For the past six months, I’ve been exercising more frequently than I have since I was a 15-year-old taking dance class for a dozen or so hours a week. I even put a little pink dot for each day I go to a pilates or step class because a) I’m a goober, and b) it’s incredibly motivating to see you’ve achieved some sort of streak, because you don’t want to break it. After tallying up my dots since January, I can see that I’ve attended about four classes a week on average so far this year.
It’s been difficult for me to pinpoint what exactly got me motivated to start going to more group fitness classes in the first place. An easy explanation is that I simply make more money than I used to, so it’s easier to cover the cost of a gym membership that includes classes than it would have been when I was 22 and broke. But while more budgeting wiggle room means I have more options, I know there are plenty of lower-cost options in the city that I could find (there are yoga studios founded on a pay-what-you-want basis, and the city’s recreation centers offer a fair amount of classes at a pretty low yearly membership cost).
Realistically, I know part of it is because I started off in decent-enough physical shape that the classes didn’t feel so difficult. To me, nothing is less motivating in an exercise environment than feeling like I can’t keep up. It doesn’t matter that I may not look as “fit” as the other people in a class — as long as I can get through each exercise, I have no problem getting through and returning to a class. But when I can’t get through a class being able to do at least some version of everything taught, I start to think, What is even the point? And I get really discouraged from returning. This time around, though, I started off on a slightly better foot: I had been going to yoga about twice a week for a full year. It wasn’t the same as more “difficult” types of exercise (and the vinyasa classes I was attending were decidedly not advanced), but because my body was already used to some regular physical activity, I could tell I was having an easier go of getting used to more rigorous classes.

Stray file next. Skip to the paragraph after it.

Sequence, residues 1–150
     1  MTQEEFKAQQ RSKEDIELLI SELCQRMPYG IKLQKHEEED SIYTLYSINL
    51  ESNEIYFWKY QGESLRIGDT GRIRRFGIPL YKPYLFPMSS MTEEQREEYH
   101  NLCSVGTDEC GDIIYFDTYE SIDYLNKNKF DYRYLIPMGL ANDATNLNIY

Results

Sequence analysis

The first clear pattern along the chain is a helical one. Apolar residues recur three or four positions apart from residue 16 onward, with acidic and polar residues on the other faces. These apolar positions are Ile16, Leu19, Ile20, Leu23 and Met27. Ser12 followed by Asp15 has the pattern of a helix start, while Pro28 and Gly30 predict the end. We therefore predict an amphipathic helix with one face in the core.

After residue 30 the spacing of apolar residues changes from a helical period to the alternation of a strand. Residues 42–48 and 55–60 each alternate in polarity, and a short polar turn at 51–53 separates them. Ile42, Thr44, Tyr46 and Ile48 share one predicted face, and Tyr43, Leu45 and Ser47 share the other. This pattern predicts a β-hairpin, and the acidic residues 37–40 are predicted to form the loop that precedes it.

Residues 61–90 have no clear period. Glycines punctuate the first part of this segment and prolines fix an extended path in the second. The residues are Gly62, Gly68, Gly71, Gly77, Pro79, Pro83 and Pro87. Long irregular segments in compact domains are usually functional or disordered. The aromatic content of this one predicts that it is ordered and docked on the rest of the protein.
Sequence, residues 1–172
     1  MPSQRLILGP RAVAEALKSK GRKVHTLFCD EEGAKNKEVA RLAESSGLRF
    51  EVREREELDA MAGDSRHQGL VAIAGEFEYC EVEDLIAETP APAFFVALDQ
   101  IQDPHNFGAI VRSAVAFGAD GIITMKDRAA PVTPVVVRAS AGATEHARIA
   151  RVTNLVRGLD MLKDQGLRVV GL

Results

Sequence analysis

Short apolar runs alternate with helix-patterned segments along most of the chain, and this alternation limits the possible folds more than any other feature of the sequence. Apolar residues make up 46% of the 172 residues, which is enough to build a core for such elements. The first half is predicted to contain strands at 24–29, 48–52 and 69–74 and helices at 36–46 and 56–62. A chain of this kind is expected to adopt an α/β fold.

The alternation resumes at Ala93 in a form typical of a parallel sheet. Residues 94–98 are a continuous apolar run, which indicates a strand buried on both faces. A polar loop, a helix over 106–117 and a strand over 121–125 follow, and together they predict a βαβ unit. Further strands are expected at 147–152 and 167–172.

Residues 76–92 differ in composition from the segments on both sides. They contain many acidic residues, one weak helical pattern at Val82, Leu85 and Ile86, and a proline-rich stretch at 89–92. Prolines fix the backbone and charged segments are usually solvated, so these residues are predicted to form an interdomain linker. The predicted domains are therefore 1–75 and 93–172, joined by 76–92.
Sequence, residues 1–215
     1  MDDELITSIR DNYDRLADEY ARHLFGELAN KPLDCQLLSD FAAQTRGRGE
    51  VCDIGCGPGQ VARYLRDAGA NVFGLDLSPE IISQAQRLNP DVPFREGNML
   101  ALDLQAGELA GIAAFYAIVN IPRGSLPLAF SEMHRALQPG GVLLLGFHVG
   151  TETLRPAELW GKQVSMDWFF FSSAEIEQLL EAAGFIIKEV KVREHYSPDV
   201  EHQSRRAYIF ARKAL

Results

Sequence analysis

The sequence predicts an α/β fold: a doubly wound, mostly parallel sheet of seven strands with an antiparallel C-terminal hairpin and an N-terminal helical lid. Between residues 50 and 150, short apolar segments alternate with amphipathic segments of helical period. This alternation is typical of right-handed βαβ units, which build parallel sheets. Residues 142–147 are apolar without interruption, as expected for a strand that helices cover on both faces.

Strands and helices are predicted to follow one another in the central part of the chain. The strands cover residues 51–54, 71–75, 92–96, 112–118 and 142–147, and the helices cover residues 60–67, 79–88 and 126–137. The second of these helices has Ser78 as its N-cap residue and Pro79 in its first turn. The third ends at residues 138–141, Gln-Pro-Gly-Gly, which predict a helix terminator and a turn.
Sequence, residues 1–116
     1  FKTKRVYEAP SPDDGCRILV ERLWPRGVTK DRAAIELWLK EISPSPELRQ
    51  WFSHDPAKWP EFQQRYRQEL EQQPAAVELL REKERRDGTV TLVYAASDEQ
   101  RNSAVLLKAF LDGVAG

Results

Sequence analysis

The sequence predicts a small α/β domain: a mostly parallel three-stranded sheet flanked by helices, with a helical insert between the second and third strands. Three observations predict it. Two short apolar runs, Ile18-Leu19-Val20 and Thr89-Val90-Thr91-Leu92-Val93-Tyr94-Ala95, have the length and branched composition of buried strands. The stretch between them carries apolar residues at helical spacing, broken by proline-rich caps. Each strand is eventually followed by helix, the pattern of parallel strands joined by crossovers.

I’m by no means a fitness expert, but I definitely recommend this semi-strategy of starting with “easier” classes and keeping with them for a good long time before trying something more challenging. I wanted to reach out to others who have managed to successfully adopt a regular fitness routine to see what motivated them in the beginning, before they felt like they were “fit enough” to be at the gym. (And I will say, it sucks that it’s so common for gyms to be discouraging of people who aren’t already considered “in shape,” but I think it’s really common to feel discouraged.) Some of their answers were really practical, while others quite came from a more emotional place — and all could be super useful for many people to hear. Here’s what they had to say:
1. “I started running because I needed to get healthy (per a doctor) and BECAUSE it was essentially free (I already owned shoes). I’m competitive, so adding different milestones motivated me, and then I realized it was a great hobby/oddly social thing (free running clubs!).” – Moira